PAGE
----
The Stanford Medicine community rallied against police brutality and anti-Black racism on Thursday afternoon, joining the many protests taking place locally and nationwide after the death of George Floyd on May 25.
Organizers from the Stanford Pediatrics Residency Advocacy Council addressed the crowd. Pediatric resident Salma Dali led the crowd to kneel in silence for eight minutes and 46 seconds, the length of time a white police officer knelt on George Floyd’s neck in what has been charged as second-degree murder. Pediatric resident Kamaal Jones shared a story of being racially profiled by a police officer and urged the crowd to continue fighting racism as a community.
From 12:15 p.m., a crowd filled the majority of the plaza in front of the Li Ka Shing Learning and Knowledge Center, wearing facemasks and holding signs of protest. Families joined students, faculty and healthcare workers, some still dressed in scrubs and whitecoats.
“It starts right here for us as a medical community here at Stanford,” Jones said to applause. “We have to have anti-racism as part of education at every level. For our nurses, for our pharmacists, for everyone, they need to understand the history of it. We also have to reach out to the community and perhaps lean on our very hefty community benefit funding to help fund anti-racism.”
After the speeches, protesters marched back to Stanford Hospital chanting “Black lives matter” and “No justice, no peace.” The demonstrations on Stanford Medicine’s campus happened concurrently to another protest event organized by graduate students in front of Main Quad.
After the rally, members of the Pediatrics Advocacy Council told The Daily they planned to continue campaigning, and called for further change at Stanford Medicine.
“I want to emphasize that this is our first step in our greater commitment to anti-racism work in the pediatrics residency and also throughout the Stanford community,” said pediatric resident Simran Gambhir. “We wanted this to be a show of solidarity and also a very visible commitment to the work that we’re going to do, and we’re hoping to put out an email within the next few days with really specific tangible ways that we’re holding ourselves accountable, and we would expect other members of the Stanford community to do the same.”
Gambhir called for a “formalized anti-racism curriculum throughout the Stanford Medicine campus,” “more Black faculty hires and more Black trainees recruited” and for “Stanford Medicine to offer a larger commitment to the surrounding communities of color.”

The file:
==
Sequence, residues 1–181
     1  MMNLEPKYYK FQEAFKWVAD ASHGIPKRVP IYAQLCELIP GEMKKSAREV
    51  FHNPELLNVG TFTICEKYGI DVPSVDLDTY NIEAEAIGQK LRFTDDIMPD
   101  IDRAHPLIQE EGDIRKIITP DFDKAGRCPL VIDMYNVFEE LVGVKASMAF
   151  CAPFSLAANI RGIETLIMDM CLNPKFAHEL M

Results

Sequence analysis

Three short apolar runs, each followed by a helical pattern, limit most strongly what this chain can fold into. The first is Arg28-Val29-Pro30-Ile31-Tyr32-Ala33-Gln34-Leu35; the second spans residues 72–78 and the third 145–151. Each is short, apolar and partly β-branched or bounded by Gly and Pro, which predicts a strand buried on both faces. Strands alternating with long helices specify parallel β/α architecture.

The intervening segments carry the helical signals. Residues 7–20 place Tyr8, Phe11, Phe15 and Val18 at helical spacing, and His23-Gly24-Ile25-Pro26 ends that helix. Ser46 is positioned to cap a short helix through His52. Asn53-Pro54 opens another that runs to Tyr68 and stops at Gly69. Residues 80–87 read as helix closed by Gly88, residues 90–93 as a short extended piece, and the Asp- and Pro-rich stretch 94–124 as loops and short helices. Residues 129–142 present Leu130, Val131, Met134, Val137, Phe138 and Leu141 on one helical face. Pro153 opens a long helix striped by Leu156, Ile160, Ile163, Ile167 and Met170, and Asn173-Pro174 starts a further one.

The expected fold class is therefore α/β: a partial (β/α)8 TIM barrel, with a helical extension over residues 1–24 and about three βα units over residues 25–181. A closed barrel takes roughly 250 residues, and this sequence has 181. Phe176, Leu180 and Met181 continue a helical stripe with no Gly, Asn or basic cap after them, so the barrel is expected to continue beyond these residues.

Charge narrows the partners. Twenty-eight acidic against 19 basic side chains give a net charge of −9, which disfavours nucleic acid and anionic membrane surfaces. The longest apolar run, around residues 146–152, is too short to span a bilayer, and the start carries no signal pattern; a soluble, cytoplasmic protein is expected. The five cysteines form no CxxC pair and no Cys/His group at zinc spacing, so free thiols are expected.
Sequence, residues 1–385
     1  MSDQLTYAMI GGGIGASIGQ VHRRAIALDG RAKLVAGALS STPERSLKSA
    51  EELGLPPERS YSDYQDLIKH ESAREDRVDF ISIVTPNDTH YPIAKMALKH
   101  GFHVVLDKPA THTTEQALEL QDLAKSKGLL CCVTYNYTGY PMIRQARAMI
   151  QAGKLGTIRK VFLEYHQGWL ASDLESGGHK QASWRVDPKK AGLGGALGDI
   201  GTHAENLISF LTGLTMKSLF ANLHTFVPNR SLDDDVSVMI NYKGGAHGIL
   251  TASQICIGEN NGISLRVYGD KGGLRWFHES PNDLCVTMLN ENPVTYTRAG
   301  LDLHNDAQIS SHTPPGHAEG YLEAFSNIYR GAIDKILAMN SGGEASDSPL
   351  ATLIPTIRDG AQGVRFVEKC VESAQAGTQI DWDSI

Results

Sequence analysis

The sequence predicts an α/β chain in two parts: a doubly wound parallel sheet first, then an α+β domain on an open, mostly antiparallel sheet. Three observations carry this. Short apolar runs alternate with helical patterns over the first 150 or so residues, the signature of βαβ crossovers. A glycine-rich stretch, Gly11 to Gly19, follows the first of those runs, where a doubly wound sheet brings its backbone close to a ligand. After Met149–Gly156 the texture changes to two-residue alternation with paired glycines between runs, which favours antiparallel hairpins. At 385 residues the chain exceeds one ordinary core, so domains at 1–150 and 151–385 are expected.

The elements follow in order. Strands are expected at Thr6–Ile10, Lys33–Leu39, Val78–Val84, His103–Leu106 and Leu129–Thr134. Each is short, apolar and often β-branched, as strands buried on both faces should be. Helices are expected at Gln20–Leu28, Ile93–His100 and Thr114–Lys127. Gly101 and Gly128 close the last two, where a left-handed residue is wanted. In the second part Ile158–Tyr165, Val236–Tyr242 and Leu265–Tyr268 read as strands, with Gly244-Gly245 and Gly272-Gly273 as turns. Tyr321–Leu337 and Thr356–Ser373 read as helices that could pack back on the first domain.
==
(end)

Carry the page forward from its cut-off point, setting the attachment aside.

Pediatrics resident Anu Gorukanti said Stanford should issue a “formal acknowledgement” about “the role that it’s played in some of the systemic inequities that exist in the incredible income equity and racism that exists in the Bay Area.” Gorukanti called for broader changes on Stanford’s campus.
“I think [Stanford should consider] including in its mission statement and value statements of commitment to anti-racist work, and to critically think about campus police and considering defunding campus police and [use] the opportunity to create crisis intervention teams that maybe can more accurately reflect the response that’s required and interested by the community,” Gorukanti said.
“We recognize racism as a public health danger — a pandemic that has persisted for too long in our society and must be eradicated,” wrote Lloyd Minor, dean of the School of Medicine, in a statement to The Daily. “Stanford Medicine is committed to this fight, and we vow to work in partnership with the Black community to achieve meaningful change.”
Iris Gibbs, associate dean of M.D. admissions and a professor of radiation oncology, attended the rally and expressed optimism that Thursday’s activism, if continued, could build on Stanford Medicine’s attempts to promote diversity.
“I’m proud to say that for the class of 2020 we have nearly 40% of our entering class being underrepresented in medicine,” Gibbs said. “… I’m proud of that moment, but at the same token, I’ve also been a little bit scared until now [about] how will that community be welcomed … I see through this event that there’s enough momentum here to showcase to them that they are welcome in this environment. What we want is for that to continue.”
This article was updated to correct quotes from Gorukanti, who called for curriculum on anti-racism not advocacy, and Gibbs, who referred to Stanford Medicine’s 2020 entering class, not interns. The Daily regrets these errors.
Contact Daniel Wu at dwu21 ‘at’ stanford.edu.